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Nanaimo, Canada

Stephen C.,University of Calgary | Stephen C.,Center for Coastal Health | Ninghui L.,Chinese Academy of Sciences | Yeh F.,University of Alberta | Zhang L.,Chinese Academy of Sciences
Zoonoses and Public Health | Year: 2011

Animal health policy for highly pathogenic avian influenza (HPAI) must, for the time being, be based on expert opinion and shared international experience. We used the intellectual capital and knowledge of experienced Chinese and Canadian practitioners and policy makers to inform policy options for China and find shared policy elements applicable to both countries. No peer-reviewed comprehensive evaluations or systematic regulatory impact assessments of animal health policies were found. Sixteen guiding policy principles emerged from our thematic analysis of Chinese and Canadian policies. We provide a list of shared policy goals, targets and elements for HPAI preparedness, response and recovery. Policy elements clustered in a manner consistent with core public health competencies. Complex situations like HPAI require complex and adaptive policies, yet policies that cross jurisdictions and are fully integrated across agencies are rare. We encourage countries to develop or deploy capacity to undertake and publish regulatory impact assessments and policy evaluation to identify policy needs and provide a basis for evidence-based policy development. © 2010 Blackwell Verlag GmbH. Source


Stephen C.,Center for Coastal Health | Stephen C.,University of Calgary | Karesh W.B.,Ecohealth Alliance | Karesh W.B.,University Paris Est Creteil | Karesh W.B.,Wildlife Health Specialist Group
OIE Revue Scientifique et Technique | Year: 2014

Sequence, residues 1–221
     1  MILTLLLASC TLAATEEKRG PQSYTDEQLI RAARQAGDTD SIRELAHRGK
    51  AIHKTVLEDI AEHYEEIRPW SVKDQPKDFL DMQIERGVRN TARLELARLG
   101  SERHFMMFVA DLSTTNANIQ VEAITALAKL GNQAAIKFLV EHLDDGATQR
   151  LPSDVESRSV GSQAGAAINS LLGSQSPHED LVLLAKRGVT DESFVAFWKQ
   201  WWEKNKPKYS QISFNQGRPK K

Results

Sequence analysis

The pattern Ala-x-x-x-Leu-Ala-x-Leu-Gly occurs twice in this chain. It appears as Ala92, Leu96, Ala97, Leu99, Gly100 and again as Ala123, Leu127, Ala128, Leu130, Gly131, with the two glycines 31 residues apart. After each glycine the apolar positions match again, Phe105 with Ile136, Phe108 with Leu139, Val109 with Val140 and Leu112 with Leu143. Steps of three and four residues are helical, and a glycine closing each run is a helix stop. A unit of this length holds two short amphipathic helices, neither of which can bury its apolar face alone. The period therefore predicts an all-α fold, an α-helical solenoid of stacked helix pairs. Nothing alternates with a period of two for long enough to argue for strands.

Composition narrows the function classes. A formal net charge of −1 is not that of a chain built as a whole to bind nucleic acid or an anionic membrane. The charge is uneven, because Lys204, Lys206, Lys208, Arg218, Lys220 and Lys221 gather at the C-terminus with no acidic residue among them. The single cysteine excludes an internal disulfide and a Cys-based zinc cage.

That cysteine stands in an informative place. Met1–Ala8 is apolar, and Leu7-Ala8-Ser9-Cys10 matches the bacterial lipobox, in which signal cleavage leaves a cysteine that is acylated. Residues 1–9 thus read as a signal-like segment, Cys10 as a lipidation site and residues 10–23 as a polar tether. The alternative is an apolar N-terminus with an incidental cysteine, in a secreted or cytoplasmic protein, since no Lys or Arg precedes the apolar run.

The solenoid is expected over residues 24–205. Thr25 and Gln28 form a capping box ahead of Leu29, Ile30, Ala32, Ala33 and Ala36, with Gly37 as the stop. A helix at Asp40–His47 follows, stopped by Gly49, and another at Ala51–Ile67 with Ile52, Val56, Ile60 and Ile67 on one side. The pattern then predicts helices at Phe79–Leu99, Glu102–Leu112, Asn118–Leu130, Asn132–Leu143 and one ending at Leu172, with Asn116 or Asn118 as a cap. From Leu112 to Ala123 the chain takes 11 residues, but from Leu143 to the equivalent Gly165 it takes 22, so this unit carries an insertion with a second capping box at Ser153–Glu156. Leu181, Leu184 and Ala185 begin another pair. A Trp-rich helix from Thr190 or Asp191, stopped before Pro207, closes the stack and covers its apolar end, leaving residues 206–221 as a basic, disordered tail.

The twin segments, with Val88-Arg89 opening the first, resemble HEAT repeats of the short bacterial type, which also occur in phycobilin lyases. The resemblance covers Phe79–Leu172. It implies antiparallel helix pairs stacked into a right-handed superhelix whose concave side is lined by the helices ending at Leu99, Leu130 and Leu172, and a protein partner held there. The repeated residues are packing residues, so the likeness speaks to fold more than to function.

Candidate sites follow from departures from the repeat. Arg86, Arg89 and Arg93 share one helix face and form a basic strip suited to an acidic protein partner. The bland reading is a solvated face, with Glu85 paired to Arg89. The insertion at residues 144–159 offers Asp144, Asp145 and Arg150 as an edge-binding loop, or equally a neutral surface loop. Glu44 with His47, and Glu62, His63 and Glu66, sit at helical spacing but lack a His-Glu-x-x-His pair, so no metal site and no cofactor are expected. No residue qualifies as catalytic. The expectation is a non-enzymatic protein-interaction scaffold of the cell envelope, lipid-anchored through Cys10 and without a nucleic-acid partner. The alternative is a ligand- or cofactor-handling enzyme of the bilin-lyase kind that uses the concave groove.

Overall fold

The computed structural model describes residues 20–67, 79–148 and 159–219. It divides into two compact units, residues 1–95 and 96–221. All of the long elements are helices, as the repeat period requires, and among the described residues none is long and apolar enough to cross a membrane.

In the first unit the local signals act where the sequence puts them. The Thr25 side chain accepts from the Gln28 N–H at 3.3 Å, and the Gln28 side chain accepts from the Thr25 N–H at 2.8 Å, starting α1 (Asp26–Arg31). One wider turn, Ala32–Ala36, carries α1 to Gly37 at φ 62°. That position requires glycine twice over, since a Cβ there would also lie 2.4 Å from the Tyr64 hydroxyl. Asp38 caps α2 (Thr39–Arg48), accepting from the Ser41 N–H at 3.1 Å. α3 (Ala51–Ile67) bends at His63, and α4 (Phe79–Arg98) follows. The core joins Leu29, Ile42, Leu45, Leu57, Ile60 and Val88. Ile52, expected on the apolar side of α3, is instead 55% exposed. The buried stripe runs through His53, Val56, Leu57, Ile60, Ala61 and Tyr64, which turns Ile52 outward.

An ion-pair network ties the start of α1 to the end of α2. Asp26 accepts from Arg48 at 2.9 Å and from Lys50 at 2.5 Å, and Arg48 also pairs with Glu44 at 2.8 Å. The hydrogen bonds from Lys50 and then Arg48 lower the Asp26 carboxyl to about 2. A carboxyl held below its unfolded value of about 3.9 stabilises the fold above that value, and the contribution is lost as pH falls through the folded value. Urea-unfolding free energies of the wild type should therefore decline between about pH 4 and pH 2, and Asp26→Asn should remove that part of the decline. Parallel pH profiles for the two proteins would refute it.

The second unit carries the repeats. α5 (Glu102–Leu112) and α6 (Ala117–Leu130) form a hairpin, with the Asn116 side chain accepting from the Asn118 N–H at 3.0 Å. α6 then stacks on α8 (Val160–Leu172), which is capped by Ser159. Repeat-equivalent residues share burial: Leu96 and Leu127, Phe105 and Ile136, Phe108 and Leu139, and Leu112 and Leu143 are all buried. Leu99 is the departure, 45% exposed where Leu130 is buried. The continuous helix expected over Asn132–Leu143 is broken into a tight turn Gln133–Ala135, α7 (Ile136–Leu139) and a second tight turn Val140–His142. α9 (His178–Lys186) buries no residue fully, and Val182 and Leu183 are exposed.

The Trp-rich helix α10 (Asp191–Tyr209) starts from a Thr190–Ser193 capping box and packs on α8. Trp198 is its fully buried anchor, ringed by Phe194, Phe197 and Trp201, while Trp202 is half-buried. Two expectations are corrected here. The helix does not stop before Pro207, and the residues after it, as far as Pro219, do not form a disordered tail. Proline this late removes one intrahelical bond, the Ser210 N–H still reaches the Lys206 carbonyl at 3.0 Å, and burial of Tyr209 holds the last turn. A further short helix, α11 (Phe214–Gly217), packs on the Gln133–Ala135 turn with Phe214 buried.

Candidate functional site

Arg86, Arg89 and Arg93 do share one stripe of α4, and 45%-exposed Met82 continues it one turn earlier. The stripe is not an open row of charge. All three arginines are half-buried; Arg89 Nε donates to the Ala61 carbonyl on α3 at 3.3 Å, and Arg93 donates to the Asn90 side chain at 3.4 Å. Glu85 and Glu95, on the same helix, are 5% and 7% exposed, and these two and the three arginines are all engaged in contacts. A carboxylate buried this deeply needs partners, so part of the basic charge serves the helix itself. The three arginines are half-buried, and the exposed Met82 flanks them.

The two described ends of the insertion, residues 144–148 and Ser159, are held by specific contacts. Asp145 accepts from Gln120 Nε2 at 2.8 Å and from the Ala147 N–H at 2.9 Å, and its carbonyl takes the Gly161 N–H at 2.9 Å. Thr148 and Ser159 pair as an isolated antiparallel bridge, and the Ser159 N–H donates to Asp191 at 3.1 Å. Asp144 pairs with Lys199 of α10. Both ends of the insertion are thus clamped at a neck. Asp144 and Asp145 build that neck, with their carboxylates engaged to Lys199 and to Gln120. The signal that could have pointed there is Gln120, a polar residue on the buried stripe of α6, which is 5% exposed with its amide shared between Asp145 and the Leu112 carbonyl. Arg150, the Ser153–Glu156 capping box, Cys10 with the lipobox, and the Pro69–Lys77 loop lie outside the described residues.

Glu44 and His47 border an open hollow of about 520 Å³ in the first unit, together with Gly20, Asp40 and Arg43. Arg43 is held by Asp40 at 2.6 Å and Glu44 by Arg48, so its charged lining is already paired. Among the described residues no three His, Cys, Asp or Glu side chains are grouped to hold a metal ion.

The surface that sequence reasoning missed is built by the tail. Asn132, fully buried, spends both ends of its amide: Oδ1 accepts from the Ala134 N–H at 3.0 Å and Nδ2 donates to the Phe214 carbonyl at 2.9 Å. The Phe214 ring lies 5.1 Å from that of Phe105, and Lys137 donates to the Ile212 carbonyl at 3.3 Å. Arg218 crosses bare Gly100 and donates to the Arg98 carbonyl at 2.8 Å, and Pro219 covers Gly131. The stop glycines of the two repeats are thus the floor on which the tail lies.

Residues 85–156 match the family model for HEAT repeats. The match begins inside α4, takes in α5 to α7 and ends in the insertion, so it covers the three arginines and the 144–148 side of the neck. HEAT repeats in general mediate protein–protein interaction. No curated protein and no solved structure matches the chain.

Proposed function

The One Health concept is responsible for a shift towards practices, policies and partnerships that better link the health of people, animals and our shared environments. The papers in this issue of the World Organisation for Animal Health Scientific and Technical Review illustrate a myriad of ways in which a One Health approach could advance or has already advanced human and animal well-being. Independently, the authors conducted their own thematic analysis of One Health activities and found strong support for the notion that One Health has inspired a renaissance in veterinary public health, increased our basic knowledge of the mechanisms and natural history of many animal diseases, promoted systems approaches to health issues and encouraged stronger cross-sectoral collaboration. Unfortunately, many collaborations often end when funding ends and many remain distinct partnerships. One Health still suffers from a lack of strong environmental stakeholders and has mostly worked on infectious disease rather than addressing many of the pressing determinants of health that will confront us in the next century. There is no shared conception of health across veterinary, medical and environment sectors, and this is an issue that must be confronted if there are to be programmes that are truly integrated across people, animals and the environment. Source